Yesterday, Twitter emailed out a link to the following infographic, which goes into some pretty interesting detail about the value of a follower and the ROI you could expect to see if you used their Advertising platform, Twitter Ads. They make a compelling case for its use - here are the key figures from the document (click the link below to get to the original):
|Get to the original here|
73% of Tweeters follow an SME for product updates
I thought this was quite interesting. It makes sense of course, although we also know that too much promotion will put fans and followers off. I wonder if this is the primary reason that Tweeters follow SME's? Probably not, I don't think anyway.
85% of Tweeters feel more engaged with an SME after following them
Well this make sense and is pretty obvious, not really too much to say about this one. Other than I wonder why the other 15% don't feel engaged with a Twitter account they have just chosen to follow...
82% of Tweeters are likely to recommend an SME they follow to friends
Now this is more interesting and relevant. It shows why it's worth spending time building up your following - you're engaging with real people, who have real friends and families etc. And if they like what you say, they're likely to help spread the word. I'd say that this is particularly helpful if you are a local business targeting a local market.
72% of followers are likely to make a purchase after following a company
This is a nice, concrete figure to work with. Although it doesn't give a monetary figure, it's good to see an exact figure on how many of your followers are likely to become customers of your business at some point in the future. Again, it's worth spending the time building up a solid foundation of engaged followers.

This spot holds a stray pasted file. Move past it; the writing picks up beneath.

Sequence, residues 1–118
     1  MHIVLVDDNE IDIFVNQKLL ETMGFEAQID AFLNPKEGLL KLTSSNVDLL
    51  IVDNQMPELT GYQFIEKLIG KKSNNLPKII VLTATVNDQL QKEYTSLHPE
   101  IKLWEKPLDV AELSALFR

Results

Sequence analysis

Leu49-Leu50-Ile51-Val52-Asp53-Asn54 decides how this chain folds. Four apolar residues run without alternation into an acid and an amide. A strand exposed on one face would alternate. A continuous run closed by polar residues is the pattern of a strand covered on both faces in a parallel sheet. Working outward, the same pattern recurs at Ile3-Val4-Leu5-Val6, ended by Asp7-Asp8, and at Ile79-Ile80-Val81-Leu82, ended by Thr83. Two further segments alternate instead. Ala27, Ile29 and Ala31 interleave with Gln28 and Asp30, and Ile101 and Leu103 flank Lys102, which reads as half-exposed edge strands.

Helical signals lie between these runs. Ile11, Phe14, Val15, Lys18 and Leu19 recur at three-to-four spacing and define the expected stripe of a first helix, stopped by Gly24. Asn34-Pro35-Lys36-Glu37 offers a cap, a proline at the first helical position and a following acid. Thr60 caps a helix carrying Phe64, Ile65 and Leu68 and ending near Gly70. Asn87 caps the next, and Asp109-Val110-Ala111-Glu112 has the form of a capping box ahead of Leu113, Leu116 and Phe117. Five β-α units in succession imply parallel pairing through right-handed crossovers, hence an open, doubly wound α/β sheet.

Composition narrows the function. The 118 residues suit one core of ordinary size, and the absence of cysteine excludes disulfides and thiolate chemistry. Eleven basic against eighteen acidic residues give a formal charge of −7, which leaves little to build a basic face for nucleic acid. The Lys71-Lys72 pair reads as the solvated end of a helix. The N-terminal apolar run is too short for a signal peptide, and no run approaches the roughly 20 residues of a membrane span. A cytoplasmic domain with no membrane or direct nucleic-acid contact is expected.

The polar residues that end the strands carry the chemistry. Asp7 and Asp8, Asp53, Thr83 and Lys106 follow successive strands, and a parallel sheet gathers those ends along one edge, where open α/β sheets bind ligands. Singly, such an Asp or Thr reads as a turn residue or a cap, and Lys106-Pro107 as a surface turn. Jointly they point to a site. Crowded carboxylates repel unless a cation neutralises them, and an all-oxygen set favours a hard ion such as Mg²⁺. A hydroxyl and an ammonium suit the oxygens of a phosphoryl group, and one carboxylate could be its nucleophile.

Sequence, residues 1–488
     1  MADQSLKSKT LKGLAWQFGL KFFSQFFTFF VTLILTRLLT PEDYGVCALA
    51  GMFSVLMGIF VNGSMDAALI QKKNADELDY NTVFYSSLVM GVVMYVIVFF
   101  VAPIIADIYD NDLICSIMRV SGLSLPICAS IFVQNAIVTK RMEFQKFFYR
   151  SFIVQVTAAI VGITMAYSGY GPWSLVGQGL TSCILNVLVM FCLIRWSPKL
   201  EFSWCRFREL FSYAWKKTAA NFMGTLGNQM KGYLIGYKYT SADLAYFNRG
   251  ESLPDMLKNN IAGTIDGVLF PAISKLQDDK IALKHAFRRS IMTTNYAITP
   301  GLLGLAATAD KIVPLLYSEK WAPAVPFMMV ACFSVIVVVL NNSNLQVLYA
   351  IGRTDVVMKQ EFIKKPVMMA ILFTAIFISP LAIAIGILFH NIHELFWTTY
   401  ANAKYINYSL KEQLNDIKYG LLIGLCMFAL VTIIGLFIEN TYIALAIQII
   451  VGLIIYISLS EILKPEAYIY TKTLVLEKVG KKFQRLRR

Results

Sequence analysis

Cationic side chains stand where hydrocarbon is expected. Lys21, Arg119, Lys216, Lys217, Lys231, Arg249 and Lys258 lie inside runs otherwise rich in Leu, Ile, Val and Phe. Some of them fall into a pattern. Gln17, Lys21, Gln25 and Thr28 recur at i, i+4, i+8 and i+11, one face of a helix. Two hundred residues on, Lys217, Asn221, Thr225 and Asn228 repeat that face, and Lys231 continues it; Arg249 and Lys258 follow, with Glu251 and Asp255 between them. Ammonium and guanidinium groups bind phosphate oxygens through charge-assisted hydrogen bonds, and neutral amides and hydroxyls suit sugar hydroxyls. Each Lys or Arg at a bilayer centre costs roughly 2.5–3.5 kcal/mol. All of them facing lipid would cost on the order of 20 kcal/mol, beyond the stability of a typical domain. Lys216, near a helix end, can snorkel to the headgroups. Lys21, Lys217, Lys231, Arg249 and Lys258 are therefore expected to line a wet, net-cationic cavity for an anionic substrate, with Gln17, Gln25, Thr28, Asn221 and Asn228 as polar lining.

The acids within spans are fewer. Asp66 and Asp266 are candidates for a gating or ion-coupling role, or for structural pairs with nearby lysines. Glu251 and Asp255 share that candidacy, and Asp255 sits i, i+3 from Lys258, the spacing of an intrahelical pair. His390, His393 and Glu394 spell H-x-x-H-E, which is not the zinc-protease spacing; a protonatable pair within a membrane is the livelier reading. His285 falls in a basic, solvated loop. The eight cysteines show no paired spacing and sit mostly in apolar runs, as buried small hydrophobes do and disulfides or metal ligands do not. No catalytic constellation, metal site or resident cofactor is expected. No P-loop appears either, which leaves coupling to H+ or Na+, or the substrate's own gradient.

- Try and build up as targeted a following as possible - buying followers or building a following that isn't relevant may make your account look good, although doing this will certainly dilute the figures mentioned above. More target followers will mean a better overall return
- Behave while you Tweet - Clearly, Tweeters pay attention to what you say and talk to their friends and colleagues about it. If you're good, they should be too
- Interact regularly, but don't over-promote - although it's great that so many Tweeters follow SME's for updates, I'd still err on the site of caution and make most of your Tweets non-promotional in nature
- RT and mention your key followers when appropriate - try to identify your best followers (the ones who are helping you spread your message) and help them out when appropriate by retweeting their posts or mentioning them. This will go a long way towards helping them feel more engaged and connected with your brand
Thanks for reading,
By Alan MacDougall
Got a nagging marketing question? Ask me here.
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Revenue Builder is a small business marketing strategy advice blog, written to help small business owners and startups maximise sales revenue.